Wednesday, October 2, 2013

Book Review: Neverwhere, by Neil Gaiman

Neil Gaiman is one of my favorite authors, but it's kind of funny - his work, to me, is better 'as a whole' rather than specifically. Like, I really like certain characters, or certain settings, or certain plots, but it's difficult for me to find entire books of his that I really enjoyed from start to finish.

Neverwhere is probably the closest I've ever been to this. It's got great characters, an interesting story, an OK setting, great pacing, and realistic dialogue. Plus, it has some legitimately surprising plot twists and doesn't work out the way you think it does. It keeps you on your toes.

Briefly, the book has absolutely nothing whatsoever to do with 'Neverwhere.' Have no idea where that name came from as it's not mentioned anywhere in the book. I guess it's the opposite of 'Everywhere'? Eh I think he just picked it because it sounded cool.

It's set in 'London Below,' which is an alternate London which exists underground. People who live in London Below typically can't be seen by anyone above ground, even if they are standing right in front of them.

The story is that a guy named Richard saves a girl named Door, and then inadvertently travels to London Below when he finds that no one can see him anymore. He discovers that when he saved Door, she accidentally pulled him into London Below. He also discovers that she is running for her life and that her entire family was just killed by two assassins. Can he help Door discover who has been trying to kill her and why, and can he get back to London Above? Answers: Yes, Sort of, and you'll have to read it to find out!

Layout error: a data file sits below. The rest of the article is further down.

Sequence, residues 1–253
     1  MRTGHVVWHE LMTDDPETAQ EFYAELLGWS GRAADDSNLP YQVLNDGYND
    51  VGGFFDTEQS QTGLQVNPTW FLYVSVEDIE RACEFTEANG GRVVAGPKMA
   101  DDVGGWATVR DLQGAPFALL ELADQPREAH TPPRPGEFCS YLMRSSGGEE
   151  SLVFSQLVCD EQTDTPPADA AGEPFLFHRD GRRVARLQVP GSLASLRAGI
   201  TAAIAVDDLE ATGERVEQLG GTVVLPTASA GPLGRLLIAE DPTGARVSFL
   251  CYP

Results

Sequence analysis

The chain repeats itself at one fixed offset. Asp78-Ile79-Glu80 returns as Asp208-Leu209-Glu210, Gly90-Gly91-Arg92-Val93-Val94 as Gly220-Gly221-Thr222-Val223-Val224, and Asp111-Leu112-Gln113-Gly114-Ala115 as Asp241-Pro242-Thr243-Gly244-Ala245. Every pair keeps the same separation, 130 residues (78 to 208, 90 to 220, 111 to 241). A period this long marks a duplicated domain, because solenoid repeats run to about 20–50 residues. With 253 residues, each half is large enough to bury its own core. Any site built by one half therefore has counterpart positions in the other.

I recommend the book. It's a bit violent and has a small amount of language in it, but it's a good story and I liked the characters a lot, especially the Marquis DeCarabas. I listened to the audiobook, which is read by the author, and I can't imagine experiencing the book any other way. He does every voice of every character himself, and he does an extremely good job. Honestly the best book reading I've ever heard. He understands all of the characters, which is why the audio version is so fascinating. You've got to be a great author to be able to play out such a story in real time and have all your dialogue work so well and feel so natural.

The only thing I didn't like about it was that the setting wasn't quite as creative as it could have been. Everything is ragged and dirty in London Below, and there are some limited magic power-type things (this is light fantasy-not too crazy to lose anyone who fancies themselves 'normal,' but not too normal to be boring) but Gaiman doesn't go very far with it. It makes one wonder why anyone would choose to live in London Below if all you can wear is gross dirty stuff and all you can eat are rats and things like that. I think that could have been explained a bit better, or that more could have been added to show why living there would be, at least in some ways, preferable to being above ground.

I found out that the BBC has recently put on a radio play of the book, and they have a killer cast featuring two of my very favorite actors:

Yep: Benedict Cumberbach and James McAvoy. You know it's good with their stamp of approval. I wish they'd make it into a movie and put them in it.

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